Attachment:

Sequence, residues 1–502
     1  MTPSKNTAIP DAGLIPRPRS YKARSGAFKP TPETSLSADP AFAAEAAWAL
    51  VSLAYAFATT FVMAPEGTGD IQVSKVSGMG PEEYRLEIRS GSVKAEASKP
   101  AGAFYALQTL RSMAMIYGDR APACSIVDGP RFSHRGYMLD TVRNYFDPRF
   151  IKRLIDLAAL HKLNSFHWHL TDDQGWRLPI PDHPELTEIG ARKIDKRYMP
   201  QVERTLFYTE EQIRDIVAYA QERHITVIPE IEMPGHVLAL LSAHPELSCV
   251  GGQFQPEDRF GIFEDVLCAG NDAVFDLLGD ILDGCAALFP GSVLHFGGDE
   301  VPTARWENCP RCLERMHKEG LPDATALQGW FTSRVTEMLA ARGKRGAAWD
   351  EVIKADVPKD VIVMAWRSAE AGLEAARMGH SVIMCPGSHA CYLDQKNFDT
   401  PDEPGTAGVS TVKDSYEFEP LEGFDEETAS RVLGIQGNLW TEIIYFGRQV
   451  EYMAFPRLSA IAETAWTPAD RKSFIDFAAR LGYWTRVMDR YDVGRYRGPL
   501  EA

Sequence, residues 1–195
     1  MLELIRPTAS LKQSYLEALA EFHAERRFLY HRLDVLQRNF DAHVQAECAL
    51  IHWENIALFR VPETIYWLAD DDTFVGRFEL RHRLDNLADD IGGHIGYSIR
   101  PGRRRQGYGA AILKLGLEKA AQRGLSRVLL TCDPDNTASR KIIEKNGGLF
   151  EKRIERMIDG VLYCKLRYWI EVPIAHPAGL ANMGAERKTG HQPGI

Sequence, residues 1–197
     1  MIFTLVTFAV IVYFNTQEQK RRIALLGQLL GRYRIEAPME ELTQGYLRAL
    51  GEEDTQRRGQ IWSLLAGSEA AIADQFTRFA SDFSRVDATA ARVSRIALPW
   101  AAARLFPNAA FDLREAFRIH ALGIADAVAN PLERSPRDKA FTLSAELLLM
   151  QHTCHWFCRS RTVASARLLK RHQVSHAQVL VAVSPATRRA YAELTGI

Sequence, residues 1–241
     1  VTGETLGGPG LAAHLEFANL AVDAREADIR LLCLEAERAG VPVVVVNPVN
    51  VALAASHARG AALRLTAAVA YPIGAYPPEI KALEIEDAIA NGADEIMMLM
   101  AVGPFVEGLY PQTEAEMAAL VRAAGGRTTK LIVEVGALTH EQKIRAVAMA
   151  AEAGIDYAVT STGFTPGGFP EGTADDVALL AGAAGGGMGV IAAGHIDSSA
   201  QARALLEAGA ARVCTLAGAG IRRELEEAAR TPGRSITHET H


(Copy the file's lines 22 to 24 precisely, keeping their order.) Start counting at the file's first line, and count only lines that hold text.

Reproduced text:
   151  QHTCHWFCRS RTVASARLLK RHQVSHAQVL VAVSPATRRA YAELTGI

Sequence, residues 1–241
     1  VTGETLGGPG LAAHLEFANL AVDAREADIR LLCLEAERAG VPVVVVNPVN